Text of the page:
Microsoft’s Steve Ballmer knew what was important to his company. At a conference, he repeatedly chanted “Developers!” to the audience to rile them up. If he were an automotive executive these days, he’d be chanting “crossovers!” They are growing in popularity as sales of sedans start to decline, so we thought we’d get behind the wheel of Kia’s Sorento to see what the fuss is about.
The Sorento is the company’s largest crossover offering, with 3 usable rows of seats. It’s targeted at families, but the Sorento has an air of luxury about it that you don’t find in other vehicles in this segment.
In fact, one of our Twitter followers even suggested that if you squint your eyes a little bit, it resembles an Audi on the inside. That’s definitely a complement, and the interior is one of our favorite things about the new Sorento. It just so happens that it is also where you spend the most of your time, so it’s a win in our books.
Powering our fully-loaded SXL tester is a 290 horsepower V6 generating 252 lb-ft of torque. That power is sent to an all-wheel drive system via a 6-speed automatic transmission.
The EPA fuel economy ratings for the version we tested was 17 miles-per-gallon in the city, 23 miles-per-gallon on the highway, or 19 miles-per-gallon combined. We were able to exceed those numbers during our time with the vehicle and during our regular fuel economy test run. On that run the computer indicated a 30.8 mpg number, far exceeding our expectations.
The SXL package includes many features you’d expect on a premium luxury vehicle. Of course there’s blind spot monitoring with rear traffic alert. There’s full-stop adaptive cruise control and autonomous emergency braking. There’s a lane keeping system. There are curve-adaptive HID headlights with high beam assistance. The infotainment system even includes support for Apple Car Play and Android Auto.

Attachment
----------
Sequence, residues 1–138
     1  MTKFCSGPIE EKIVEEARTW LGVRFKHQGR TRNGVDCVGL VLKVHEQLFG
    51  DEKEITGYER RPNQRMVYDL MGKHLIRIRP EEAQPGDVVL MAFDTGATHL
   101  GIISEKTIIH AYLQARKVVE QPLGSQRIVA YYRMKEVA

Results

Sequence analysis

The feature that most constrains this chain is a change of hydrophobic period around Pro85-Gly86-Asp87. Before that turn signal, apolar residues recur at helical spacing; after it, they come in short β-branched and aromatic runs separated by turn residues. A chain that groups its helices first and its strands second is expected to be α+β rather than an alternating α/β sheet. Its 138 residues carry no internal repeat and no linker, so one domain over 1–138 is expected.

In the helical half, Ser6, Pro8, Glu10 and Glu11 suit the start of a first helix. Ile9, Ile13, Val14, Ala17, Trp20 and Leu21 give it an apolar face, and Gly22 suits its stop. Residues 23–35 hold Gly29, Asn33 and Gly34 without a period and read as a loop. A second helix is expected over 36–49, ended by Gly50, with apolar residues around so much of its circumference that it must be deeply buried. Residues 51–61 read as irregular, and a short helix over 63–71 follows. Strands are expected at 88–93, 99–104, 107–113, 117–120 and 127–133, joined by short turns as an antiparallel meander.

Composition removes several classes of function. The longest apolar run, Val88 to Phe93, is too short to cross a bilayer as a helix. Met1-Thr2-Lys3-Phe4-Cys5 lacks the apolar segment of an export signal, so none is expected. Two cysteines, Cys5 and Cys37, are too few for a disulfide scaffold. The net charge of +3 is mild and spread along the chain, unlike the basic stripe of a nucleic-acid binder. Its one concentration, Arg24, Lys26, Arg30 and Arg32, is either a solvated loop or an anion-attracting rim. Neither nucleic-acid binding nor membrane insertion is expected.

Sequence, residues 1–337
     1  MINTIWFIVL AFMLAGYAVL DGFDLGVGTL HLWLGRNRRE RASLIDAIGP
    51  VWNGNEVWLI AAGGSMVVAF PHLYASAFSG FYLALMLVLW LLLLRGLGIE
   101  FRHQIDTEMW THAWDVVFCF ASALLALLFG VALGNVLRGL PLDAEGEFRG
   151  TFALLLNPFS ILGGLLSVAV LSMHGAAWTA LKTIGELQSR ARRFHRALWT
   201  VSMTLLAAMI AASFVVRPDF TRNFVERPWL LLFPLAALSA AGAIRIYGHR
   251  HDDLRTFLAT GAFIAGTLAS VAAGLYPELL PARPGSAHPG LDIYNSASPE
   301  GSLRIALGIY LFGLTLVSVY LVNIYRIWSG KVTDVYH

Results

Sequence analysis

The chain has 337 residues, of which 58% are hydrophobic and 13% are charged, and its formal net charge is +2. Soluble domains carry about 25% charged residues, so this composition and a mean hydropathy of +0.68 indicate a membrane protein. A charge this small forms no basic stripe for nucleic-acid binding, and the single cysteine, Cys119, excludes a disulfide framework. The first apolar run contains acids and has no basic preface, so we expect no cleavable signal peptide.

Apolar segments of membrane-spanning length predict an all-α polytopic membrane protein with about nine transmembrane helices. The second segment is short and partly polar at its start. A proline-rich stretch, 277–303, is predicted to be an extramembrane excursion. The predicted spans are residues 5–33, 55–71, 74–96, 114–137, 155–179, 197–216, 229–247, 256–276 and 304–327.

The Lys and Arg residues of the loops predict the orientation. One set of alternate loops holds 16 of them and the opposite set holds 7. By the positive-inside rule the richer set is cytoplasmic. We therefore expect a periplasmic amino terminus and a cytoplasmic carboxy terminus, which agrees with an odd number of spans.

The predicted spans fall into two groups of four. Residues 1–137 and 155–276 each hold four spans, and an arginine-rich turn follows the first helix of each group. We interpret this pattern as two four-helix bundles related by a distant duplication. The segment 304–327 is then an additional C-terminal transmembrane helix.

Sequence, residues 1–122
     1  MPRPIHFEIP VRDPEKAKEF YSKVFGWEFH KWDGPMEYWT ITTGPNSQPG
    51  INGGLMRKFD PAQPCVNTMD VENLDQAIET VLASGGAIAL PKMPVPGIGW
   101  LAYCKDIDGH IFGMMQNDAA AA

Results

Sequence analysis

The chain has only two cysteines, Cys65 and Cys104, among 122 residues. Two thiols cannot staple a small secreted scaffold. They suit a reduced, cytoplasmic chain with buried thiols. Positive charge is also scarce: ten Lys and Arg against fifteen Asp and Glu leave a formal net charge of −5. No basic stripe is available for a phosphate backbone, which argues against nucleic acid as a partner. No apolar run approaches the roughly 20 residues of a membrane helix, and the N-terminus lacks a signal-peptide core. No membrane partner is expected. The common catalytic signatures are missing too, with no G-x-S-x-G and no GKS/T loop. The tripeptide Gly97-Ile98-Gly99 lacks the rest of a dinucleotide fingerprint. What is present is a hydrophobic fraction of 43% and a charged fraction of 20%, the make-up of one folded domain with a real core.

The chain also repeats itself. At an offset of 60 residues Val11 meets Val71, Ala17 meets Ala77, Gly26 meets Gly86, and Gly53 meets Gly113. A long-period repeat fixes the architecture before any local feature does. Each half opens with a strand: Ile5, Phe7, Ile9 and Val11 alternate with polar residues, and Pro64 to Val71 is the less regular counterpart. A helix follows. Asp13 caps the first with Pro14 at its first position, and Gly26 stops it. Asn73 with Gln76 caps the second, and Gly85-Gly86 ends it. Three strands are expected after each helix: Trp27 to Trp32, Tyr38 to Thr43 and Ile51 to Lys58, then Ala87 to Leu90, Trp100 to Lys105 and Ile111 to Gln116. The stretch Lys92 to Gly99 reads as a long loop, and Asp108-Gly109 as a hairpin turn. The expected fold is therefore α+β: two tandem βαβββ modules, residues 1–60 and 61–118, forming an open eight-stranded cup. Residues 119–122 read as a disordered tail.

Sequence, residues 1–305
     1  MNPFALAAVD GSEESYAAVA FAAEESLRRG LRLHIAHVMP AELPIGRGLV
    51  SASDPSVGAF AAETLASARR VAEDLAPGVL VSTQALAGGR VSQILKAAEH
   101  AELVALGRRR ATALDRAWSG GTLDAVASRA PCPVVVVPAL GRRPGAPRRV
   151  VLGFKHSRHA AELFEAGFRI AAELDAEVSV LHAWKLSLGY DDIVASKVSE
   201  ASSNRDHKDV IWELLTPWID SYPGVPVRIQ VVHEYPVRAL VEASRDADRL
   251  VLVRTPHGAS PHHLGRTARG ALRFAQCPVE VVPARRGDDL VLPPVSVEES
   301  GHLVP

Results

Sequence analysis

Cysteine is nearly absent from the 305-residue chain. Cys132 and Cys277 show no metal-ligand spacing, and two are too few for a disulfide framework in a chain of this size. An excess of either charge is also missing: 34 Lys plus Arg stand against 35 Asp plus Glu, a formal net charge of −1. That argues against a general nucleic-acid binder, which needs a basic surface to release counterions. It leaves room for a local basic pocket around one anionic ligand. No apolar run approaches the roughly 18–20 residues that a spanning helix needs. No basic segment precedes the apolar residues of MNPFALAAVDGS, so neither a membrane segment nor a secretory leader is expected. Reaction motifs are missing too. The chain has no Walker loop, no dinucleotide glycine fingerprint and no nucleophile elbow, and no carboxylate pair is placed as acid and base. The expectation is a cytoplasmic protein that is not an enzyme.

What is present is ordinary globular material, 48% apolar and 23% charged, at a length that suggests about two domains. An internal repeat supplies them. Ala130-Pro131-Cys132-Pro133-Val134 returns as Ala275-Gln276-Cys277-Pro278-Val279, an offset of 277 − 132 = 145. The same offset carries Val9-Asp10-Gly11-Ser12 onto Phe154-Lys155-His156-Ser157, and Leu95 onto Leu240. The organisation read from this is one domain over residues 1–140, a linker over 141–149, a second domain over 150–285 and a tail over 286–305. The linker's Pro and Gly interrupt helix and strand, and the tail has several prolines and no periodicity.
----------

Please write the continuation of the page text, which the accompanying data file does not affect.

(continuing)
Everything inside has a premium feel to it, including all the touch points. The switches and buttons are solid. The leather seats are supportive and comfortable. If there’s any interior complaint, it’s the amount of rear seat space afforded to the third-row passengers, but none of the vehicles in this segment are going to toss full-size adults back there anyway.
On the road the Sorento drives well with nothing alarming or surprising. Cabin noise is kept to a minimum, and the before-mentioned driver’s assistance systems make long commutes a breeze.
It’s no sports car, even though there is a “Sport” mode. Skip it. You’re not going to go canyon carving in this thing, nor does it feel like the setting does much to the rest of the vehicle.
We’d say the Sorento is a handsome-ish looking vehicle. There are no design elements that really stand out, but that also means there’s nothing particularly ugly about it either. The most controversial styling, if you’d even call it that, is the four-LED design of the fog lights.
The SXL has no options when you get one, because you get everything. With the all-wheel drive, which adds $1,800 to the price, you end up with a MSRP of $47,190, which includes destination and handling.
If you’re in the market for a premium crossover that has loads of technology, a great warranty, and a premium feel you should definitely give the Sorento a drive and a look.